He questions Mephostophilis about hell, asking where it is. Mephostophilis tells him that hell is not so much a set place: "Hell hath no limits, nor is circumscribed / In one self place" (1.5.124-5). Furthermore, ". . . when all the world dissolves / And every creature shall be purified, / All places shall be hell that is not heaven" (1.5.127-129). Faustus doesn't seem to understand, and dismisses hell as a fable. Mephostophilis' reply is chilling: "Ay, think so still, till experience change thy mind" (1.5.131). They continue to talk, but Faustus can't seem to grasp what the devil is saying about the nature of hell.
He demands that Mephostophilis bring him a wife. Mephostophilis brings him a devil dressed as a woman, and tells him that rather than bring him a wife, he'll bring him many different women, one for every moment of desire.
Faustus asks for knowledge: he demands books on all manner of incantations, astrology, and botany, and Mephostophilis provides all of this on demand.
Marlowe makes the summoning scene more effective by placing the devils onstage from the start. When Faustus addresses the invisible beings of hell, the audience sees those creatures there in the flesh. Their presence emphasizes what Mephostophilis tells Faustus moments later: devils eagerly wait for people to call on them, hoping to win souls. Faustus believes he's the one in control. When he forces Mephostophilis to leave and re-enter in a Franciscan monk's garb (a little jab at Catholics that the Protestant audience would have found gratifying), he revels in the power he thinks he has: "Now, Faustus, thou art conjuror laureate: / Thou canst command great Mephostophilis" (1.3.32-3). He doesn't seem to understand the implications of what Mephostophilis tells him. The devil does not come because the incantations have power over him. He comes because the sorcerer is ripe prey.
Throughout the whole scene, Faustus seems unable to understand the forces with which he deals. When he questions Mephostophilis about hell, he does not understand that hell is primarily a state of the spirit. Mephostophilis is always in hell, even when he appears on earth, because true hell is separation from God. The devil is actually hurt by Faustus' questions, and cannot bear to think of his state: "Oh Faustus, leave these frivolous demands, / Which strike a terror to my fainting soul" (1.3.81-2). The "frivolous demands" are the curious questions about hell's nature. Like an amateur scholar who collects facts but cannot penetrate his subject deeply, Faustus seeks knowledge about hell; when the devil tells him about it, he doesn't understand it. He has knowledge, but no wisdom, and prizing the first over the latter is a grave mistake, and a theme of the play. For Mephostophilis, the experience of hell is painful and continuous, and not some scholar's trivia.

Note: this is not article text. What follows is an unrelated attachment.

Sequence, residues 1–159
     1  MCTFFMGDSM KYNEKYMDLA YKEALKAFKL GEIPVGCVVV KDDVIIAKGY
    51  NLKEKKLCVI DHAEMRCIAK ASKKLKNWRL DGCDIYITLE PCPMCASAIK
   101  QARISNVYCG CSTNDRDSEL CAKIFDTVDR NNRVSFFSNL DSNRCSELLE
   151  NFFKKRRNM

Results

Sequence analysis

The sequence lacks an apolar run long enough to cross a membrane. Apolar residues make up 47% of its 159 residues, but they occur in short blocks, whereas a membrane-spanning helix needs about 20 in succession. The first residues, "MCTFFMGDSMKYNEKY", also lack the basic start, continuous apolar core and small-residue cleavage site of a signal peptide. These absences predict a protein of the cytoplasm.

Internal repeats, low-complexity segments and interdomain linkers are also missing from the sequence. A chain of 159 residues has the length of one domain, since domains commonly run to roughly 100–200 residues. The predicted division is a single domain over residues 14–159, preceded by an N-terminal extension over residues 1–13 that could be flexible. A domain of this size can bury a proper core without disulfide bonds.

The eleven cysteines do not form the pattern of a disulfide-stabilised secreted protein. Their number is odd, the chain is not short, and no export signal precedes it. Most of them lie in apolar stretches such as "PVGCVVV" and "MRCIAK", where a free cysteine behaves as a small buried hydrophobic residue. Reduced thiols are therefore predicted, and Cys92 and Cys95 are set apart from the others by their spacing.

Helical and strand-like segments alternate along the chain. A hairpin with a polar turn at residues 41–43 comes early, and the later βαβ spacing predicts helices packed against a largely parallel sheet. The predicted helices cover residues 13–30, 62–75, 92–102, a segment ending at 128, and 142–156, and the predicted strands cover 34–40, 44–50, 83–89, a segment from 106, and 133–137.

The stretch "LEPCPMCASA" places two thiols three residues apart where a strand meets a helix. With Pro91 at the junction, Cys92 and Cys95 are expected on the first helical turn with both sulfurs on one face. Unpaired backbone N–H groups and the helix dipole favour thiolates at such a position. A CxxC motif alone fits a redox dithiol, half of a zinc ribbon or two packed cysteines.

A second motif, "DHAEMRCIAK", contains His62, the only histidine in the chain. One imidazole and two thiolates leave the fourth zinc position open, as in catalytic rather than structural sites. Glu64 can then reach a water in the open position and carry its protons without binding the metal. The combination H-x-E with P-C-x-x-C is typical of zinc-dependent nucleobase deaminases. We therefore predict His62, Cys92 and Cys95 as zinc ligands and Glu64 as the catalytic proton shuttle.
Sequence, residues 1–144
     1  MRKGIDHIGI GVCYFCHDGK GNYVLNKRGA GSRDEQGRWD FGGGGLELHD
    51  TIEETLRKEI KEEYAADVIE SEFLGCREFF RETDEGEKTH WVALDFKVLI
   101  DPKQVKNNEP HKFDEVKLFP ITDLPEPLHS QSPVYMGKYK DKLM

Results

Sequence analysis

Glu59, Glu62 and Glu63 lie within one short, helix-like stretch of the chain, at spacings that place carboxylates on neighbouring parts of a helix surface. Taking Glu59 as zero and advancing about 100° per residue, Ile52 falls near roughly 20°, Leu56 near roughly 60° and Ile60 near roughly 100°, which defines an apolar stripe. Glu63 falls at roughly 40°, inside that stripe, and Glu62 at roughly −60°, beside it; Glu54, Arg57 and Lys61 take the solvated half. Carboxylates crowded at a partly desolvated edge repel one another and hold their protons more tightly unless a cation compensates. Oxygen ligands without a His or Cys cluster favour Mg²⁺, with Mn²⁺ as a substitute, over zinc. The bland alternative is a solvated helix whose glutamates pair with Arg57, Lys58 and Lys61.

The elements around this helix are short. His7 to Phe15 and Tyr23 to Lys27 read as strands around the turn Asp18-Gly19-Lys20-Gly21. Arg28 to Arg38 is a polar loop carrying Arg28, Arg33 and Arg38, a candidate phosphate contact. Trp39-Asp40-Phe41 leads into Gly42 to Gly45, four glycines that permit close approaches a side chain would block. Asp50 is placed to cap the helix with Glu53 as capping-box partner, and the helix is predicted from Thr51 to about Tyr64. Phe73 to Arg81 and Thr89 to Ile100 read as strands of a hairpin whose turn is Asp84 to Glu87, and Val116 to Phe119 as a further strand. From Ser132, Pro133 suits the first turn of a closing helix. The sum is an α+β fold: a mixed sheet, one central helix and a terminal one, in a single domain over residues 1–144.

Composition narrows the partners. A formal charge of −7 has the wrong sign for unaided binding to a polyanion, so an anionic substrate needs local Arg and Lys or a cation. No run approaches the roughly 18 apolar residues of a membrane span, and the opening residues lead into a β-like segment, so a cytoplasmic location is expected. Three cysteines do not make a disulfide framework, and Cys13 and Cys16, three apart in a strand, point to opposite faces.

Sandwiched between two rather disturbing scenes, scene 1.4 is a bit of comic relief. Summoning demons becomes comic rather than serious (one of the demons is named "Belcher." These comic scenes are ambiguous. They have been criticized as irrelevant to the action and in poor taste; other audience members feel them to be a welcome relief from the serious subject of damnation. This scene also serves to juxtapose Wagner's petty ends to Faustus' overreaching ambition. As the play progress and Faustus sinks into debauchery, Faustus will come to seem as loutish and uninspiring as Wagner.
The final scene of the act shows Faustus having last doubts. But the Evil Angel's advice is taken over the Good, and Faustus seems ready for hell. Even the writing on his arm ("Fly, oh man," presumably to God) is quickly forgotten, when Mephostophilis distracts Faustus with a dance of devils. The need for distraction suggests that Faustus can still repent, and save himself from hell; alternately, it might suggest that Mephostophilis feels an odd sympathy for Faustus, and wishes to distract him, just this moment, from anxiety.
He asks Mephostophilis again about hell, and still can't grasp what the devil says. "And to be short, when all the world dissolves / And every creature shall be purified, / All places shall be hell that is not heaven" (1.5.127-9). Faustus responds that he thinks hell is a "fable." Mephostophilis' reply: "Ay, think so still, till experience change thy mind" (1.5.131). The devil knows how this story will end. He understands his answers, even if Faustus does not. The theme of mistaking knowledge for wisdom continues at the end of the scene, when Faustus is delighted by the tomes of knowledge Mephostophilis provides. He craves information on astrology and botany, but cannot grasp the spiritual truth of what hell is.
Mephostophilis' presentation of the devil dressed in woman's garb is more than a moment of black humor. It also suggests that already, the devil is calling the shots even in the meager details. Faustus' wish for a wife isn't granted, and even now with the twenty-four year term just started, Mephostophilis is willing to deceive him.